As part of WuXi AppTec’s ongoing efforts to collaboratively foster new thinking and actionable approaches in advancing breakthroughs for patients, we have launched a new interview series in 2022 – “Delivering on the Promise of New Modalities” – so leading voices of R&D can share how their approaches are addressing the barriers standing in the way of breakthroughs.
For our next interview in this series, Amber Van Laar joins us as VP Clinical Development, CNS Gene Therapy of Asklepios Biopharmaceutical (AskBio) to shed light on neurodegenerative disease drug development. AskBio is a company dedicated to develop AAV (adeno-associated virus) based gene therapies for neuromuscular, central nervous system, cardiovascular, metabolic and other disorders. Last year, the company received FDA fast track designation for a novel investigational gene therapy for the treatment of a rare muscular dystrophy with no approved therapies. AskBio is also most notably working on a gene therapy for Parkinson’s Disease, and a gene therapy treating late-onset Pompe disease.
One of the leading candidates of AskBio is focusing on Parkinson’s disease. From your perspective, why the treatment for Parkinson’s disease remains challenging?
Amber: That’s a good question. To me, non-motor symptoms of Parkinson’s disease such as cognitive impairment, constipation, and depression can be more troublesome to patients than the classical motor symptoms, like tremors or slowness of movement. However, effective symptom management is not adequately addressed by currently available therapies. Further development is needed, particularly for preventative therapies, to evade these complicating and troublesome disease features.
The lack of disease-modifying therapies remains a key challenge for patients and researchers, though many promising studies are underway. Close collaboration with regulatory agencies will be critical in order to establish a clear path to agreement on what measures are needed to define disease modification which are meaningful for both regulators and the Parkinson’s community.
What are the opportunities for novel technologies to solve these challenges? What’s AskBio’s unique approach?
Amber: The safe and accurate neurosurgical drug delivery directly to specific brain regions or neuronal networks has been rapidly evolving to overcome the pre-existing challenges of unmonitored “black box” administration of drugs intracranially.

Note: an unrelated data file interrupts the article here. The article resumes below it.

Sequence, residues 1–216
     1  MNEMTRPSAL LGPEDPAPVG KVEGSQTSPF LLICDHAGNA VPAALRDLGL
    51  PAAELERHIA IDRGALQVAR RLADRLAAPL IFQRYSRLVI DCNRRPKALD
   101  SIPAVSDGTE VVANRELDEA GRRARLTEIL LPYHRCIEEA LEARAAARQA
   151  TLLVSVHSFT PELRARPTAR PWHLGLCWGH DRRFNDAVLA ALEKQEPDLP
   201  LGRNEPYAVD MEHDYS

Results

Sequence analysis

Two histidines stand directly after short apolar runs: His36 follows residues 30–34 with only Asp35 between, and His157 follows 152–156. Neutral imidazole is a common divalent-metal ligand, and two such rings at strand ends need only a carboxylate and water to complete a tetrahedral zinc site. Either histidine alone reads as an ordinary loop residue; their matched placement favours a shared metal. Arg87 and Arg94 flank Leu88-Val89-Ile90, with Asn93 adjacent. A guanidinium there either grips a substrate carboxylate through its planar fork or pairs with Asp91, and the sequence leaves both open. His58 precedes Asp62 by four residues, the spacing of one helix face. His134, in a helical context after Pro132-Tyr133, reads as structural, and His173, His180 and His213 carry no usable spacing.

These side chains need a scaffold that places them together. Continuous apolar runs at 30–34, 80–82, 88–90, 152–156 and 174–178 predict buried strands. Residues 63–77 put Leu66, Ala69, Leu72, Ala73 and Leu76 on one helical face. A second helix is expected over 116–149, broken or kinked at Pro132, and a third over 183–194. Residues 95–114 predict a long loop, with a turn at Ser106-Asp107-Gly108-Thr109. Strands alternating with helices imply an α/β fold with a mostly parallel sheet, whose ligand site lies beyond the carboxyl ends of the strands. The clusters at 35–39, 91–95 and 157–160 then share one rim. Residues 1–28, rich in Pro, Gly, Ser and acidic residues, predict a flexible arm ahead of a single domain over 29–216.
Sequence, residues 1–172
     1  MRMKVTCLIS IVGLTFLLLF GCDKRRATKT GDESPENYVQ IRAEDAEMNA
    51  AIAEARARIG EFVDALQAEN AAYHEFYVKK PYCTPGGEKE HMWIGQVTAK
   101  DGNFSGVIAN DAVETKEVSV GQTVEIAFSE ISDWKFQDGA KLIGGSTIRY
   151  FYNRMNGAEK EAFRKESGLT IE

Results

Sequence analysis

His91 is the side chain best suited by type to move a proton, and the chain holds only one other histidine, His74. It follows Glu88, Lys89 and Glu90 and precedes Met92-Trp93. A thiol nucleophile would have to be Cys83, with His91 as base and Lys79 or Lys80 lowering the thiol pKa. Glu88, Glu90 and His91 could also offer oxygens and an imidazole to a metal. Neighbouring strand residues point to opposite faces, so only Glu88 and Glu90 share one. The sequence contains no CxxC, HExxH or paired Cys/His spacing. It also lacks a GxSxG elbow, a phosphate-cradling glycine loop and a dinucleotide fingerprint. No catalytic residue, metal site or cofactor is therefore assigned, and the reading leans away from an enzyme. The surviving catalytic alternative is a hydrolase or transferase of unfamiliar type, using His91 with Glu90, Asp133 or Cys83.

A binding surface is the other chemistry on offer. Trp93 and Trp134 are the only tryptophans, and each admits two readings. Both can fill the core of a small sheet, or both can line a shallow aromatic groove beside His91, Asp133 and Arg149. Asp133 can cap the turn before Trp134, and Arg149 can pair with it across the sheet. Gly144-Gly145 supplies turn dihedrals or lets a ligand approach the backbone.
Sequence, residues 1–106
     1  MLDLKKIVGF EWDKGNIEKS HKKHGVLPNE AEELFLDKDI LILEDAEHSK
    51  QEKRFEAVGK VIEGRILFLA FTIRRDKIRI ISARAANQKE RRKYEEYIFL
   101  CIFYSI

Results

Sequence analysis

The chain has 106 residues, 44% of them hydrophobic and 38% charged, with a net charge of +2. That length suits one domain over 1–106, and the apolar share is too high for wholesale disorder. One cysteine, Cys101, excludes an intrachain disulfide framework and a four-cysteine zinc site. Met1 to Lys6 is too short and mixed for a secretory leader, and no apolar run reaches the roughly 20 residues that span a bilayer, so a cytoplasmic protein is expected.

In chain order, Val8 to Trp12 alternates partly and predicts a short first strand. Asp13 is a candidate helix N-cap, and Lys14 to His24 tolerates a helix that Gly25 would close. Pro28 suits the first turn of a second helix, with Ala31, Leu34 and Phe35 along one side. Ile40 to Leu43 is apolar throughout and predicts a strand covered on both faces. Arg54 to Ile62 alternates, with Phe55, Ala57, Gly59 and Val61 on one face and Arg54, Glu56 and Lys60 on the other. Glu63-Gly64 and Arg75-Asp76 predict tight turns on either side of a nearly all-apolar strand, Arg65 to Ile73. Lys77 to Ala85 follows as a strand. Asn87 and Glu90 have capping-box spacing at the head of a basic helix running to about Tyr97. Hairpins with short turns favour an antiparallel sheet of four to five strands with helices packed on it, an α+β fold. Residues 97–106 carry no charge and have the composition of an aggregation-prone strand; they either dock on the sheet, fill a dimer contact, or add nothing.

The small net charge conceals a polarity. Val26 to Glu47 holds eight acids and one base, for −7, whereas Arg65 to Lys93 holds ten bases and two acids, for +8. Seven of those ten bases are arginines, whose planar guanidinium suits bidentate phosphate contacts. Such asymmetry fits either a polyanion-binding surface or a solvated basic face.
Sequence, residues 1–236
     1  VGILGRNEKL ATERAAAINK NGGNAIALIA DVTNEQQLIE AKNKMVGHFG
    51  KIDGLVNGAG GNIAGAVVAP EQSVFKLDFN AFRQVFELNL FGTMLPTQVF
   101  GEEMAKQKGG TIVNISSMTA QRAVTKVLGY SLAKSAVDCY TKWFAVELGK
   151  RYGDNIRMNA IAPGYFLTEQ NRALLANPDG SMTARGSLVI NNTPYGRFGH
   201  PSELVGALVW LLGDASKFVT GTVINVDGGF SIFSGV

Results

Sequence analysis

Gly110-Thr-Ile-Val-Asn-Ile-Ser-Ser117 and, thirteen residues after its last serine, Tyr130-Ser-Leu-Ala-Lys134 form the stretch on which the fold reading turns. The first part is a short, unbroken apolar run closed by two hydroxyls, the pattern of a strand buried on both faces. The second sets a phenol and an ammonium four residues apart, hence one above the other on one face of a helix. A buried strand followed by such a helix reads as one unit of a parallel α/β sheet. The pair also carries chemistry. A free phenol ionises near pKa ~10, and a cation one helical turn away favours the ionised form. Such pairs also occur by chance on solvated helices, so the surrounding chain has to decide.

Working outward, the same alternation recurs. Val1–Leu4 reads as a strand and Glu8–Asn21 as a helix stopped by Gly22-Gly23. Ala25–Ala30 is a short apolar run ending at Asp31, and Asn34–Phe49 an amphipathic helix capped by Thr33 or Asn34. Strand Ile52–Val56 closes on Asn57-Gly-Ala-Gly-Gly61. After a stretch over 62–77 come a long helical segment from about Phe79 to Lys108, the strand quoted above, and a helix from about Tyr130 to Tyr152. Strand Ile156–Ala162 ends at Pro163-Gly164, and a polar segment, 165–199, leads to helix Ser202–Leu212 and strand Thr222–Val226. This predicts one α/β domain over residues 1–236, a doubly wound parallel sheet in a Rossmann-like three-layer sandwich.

Direct visualization via MRI-monitored drug delivery to the brain was a significant technological leap that now allows neurosurgeons to dose drugs directly, accurately and consistently in brain regions impacted by a particular disease.
At AskBio, our Parkinson’s program utilizes direct, MRI-guided delivery of AAV2-GDNF (glial cell-line derived neurotrophic factor) to evaluate the potential of this technology to overcome the challenges of variable delivery which may have contributed to the lack of significant responses observed in prior studies investigating either recombinant GDNF protein delivery or gene therapy approaches for Parkinson’s Disease. We believe that these improvements in delivery are crucial to accurately dose gene therapy to demonstrate a clinical effect, particularly for a neurotrophic growth factor like GDNF.
Great. As your platform evolves, how to realize its full potential? What are the key elements for success?
Amber: Delivering a new therapeutic platform at scale, particularly for the central nervous system and other disorders requiring specialized delivery, is a challenge on the horizon for cell and gene therapies. The incorporation of robotic-assisted procedures, portable MRI scanners, and improved delivery devices will be needed to expedite procedures and reduce the resource intensiveness of the current procedure.
Alongside the evolution of the surgical procedure, the development of cell and gene therapy centers of excellence will be needed to adequately train and disseminate this new technology beyond a limited number of highly trained neurosurgeons at major academic centers.